Winter’s Here: It’s Perfect Safari Season

April is coming rapidly to an end, signally the transition from autumn to winter in the Southern Hemisphere. Days get a bit shorter, temperatures get a bit cooler and in most safari regions the summer rains give way to the dry winter, making the bush sparse and animals gather at whatever water is available.

While in the Game Of Thrones clip above the phrase ‘Winter is Coming’ is edged with foreboding and anxiety, in the safari regions of southern Africa, it signals prime game watching time. The reasons for this are multiple and we’ll discuss them here.

Temperature

Summer temperatures in southern Africa easily reach into the high 30°Cs and into the 40°Cs (90 to 100°F). This can make game drives – other than those in the early mornings and evenings – extremely uncomfortable for anybody who is not used to high temperatures.

PanoramasNamibian Sun - Panoramas

While the more southern regions, and the desert regions, may be very cold at night in winter – dropping into the single digits – the closer to the equator, the balmier it is mid-winter. Daytime temperatures average in the mid-20°Cs which is the perfect temperature for warm, comfortable game drives and walks.

Average winter temperatures for some of the more popular safari destinations are:

  • Kruger: 24°C/10°C
  • Sossuvlei: 27°C/6°C
  • Etosha: 27°C/6°C
  • Okavango: 26°C/8°C
  • Chobe: 26°C/8°C
  • Vic Falls: 24°C/10°C
  • Mozambique: 25°C/14°C
  • Uganda: 20°C/11°C
  • Ngorongoro: 17°C/6°C
  • Serengeti: 27°C/14°C
  • Masai Mara: 24°C/14°C
  • Zanzibar: 29°C/19°C

No Rain

Richard TollerSerengeti - Richard Toller

Most safari destinations are summer rainfall regions – especially Kruger – meaning that, during the dry winter, the bush thins out and grass dies down. This allows for much easier, and more plentiful, game spotting as the animals have less to hide behind.

Bernard DUPONTElephant in Kruger - Bernard DUPONT

Many water sources dry up significantly during the winter months which makes the game gather around available sources. Again, this allows for fantastic game viewing.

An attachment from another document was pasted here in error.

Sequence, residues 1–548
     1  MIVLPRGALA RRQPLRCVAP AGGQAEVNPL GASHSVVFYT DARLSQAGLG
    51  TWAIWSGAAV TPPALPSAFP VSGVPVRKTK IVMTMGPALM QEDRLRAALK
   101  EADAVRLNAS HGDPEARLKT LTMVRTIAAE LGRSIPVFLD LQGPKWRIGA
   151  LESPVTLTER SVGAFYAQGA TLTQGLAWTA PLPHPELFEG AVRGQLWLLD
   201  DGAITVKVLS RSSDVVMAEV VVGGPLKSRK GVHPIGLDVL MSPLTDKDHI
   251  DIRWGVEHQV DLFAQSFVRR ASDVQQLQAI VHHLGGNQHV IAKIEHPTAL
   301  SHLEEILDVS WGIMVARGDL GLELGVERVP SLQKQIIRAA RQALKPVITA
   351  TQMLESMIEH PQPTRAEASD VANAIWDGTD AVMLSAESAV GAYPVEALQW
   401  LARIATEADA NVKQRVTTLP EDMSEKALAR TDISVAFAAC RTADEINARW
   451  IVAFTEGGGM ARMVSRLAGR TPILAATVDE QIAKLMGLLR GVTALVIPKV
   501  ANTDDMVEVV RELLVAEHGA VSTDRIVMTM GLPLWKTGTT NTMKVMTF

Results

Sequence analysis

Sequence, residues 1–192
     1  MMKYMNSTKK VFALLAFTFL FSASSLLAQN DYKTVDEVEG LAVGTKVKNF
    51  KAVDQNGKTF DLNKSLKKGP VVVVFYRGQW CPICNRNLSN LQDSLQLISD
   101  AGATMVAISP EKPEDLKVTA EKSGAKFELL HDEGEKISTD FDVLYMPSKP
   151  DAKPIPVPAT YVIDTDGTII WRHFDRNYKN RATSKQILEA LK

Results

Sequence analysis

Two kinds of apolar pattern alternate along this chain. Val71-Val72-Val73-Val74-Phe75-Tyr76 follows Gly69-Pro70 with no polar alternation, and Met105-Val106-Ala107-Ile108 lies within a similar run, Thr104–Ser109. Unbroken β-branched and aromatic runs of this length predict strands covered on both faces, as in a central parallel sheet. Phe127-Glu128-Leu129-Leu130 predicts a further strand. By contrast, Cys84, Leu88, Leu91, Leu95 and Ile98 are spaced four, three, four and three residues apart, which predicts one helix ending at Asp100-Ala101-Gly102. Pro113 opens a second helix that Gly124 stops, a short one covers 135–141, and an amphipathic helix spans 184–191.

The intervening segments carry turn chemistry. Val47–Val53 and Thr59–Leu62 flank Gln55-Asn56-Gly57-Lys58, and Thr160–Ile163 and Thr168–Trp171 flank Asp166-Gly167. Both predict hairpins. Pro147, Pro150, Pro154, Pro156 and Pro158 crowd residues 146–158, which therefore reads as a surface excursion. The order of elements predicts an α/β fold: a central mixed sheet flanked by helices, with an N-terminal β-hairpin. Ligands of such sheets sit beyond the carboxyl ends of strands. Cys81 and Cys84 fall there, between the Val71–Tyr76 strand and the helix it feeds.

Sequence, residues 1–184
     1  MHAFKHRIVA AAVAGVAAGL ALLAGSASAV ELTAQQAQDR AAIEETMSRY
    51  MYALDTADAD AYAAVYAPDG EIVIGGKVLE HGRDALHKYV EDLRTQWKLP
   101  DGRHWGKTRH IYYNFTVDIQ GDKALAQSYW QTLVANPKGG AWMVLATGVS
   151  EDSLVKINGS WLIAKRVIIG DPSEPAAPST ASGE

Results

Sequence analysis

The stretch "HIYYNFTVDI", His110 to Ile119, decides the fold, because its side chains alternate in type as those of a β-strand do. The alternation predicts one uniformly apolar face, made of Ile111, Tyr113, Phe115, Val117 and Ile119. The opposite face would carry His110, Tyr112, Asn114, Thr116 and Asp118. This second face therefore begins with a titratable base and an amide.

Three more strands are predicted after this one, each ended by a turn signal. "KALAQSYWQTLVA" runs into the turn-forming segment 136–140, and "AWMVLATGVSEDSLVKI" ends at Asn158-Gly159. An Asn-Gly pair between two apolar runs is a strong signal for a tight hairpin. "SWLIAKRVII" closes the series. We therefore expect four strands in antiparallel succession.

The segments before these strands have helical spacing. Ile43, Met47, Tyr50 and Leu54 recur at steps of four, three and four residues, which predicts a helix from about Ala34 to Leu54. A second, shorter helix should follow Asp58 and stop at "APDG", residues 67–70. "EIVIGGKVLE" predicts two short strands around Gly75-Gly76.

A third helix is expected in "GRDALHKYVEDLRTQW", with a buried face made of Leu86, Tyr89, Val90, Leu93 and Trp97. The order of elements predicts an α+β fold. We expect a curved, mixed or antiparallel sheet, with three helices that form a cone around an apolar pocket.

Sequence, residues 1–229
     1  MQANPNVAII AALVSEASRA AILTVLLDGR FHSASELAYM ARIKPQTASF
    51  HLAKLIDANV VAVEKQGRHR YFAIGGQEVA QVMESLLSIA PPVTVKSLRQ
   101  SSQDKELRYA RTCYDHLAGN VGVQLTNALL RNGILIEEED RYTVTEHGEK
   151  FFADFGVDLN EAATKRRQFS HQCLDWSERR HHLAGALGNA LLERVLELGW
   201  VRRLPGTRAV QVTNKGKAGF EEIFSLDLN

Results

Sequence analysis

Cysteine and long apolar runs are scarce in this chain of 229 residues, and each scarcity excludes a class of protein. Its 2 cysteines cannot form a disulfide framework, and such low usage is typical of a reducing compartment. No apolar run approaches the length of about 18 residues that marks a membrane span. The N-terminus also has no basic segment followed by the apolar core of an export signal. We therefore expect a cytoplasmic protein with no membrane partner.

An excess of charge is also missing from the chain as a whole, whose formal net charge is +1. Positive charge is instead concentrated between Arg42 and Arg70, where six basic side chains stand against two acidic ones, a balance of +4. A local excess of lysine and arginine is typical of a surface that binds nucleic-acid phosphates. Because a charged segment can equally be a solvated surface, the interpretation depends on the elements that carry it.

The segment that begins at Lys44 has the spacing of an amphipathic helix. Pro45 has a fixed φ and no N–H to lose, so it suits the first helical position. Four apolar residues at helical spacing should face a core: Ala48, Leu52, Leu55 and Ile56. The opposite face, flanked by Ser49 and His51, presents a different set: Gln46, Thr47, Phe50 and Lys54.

Lower Malaria Risk

missyMosquito Net - missy

Along with the dryness and cooler temperatures, the malaria risk is lower in some regions (like Kruger). Mosquitoes (who carry malaria) thrive in warm climates and need water to breed in, so in areas that are dry and cold in winter, the risk is lower.  

See our full blog on Malaria to check which areas are risk areas and for all things malaria.


'So while we may dread the approach of the chilly temperatures and short days, in the African bush peak safari season has begun. Speak to one of our ABS consultants and book an experience of a lifetime: an African safari. Now is the perfect time!


If you liked this post, these trips cover similar ground…


Leave a Comment or Ask a Question

comments powered by Disqus

Places Mentioned in this Post

Similar & Related Blog Posts

Below you’ll find further reading and articles related or similar to this post.

When To Go Where On Safari: Best Times to Visit

Barbara EcksteinWe often get asked when the best time is to go on safari. In this blog, we give the best months to visit our top destinations, and explain why. Read on

Winter is Coming…

Kosie Jansen van Rensburg 5 Must Visit South African Winter Festivals. South Africa has a lot to offer this winter. The winter period runs from April to September. What most people don’t know is that our winters are comparatively mild and dry. That means that when winter is coming, the festivals are too! Read on

Malaria Made Simple

CayoboComing on safari to Africa? Worried about malaria? Here's a simple guide to what it is, where it is and, most importantly, what to do to avoid it. Read on

Personal Experience: Greater Kruger vs. Kruger Park

Dave Miller A detailed breakdown explaining the differences between the Greater Kruger National Park and the Kruger National Park. Read on

Harriet’s Trip to Kruger National Park

flowcomm I was fortunate to be invited to join a short safari to the Kruger National Park. So I escaped the wet, winter chills of Cape Town and headed for a quick trip to the bushveld. Read on
Show us some FB Love
Follow @RealAfroSafaris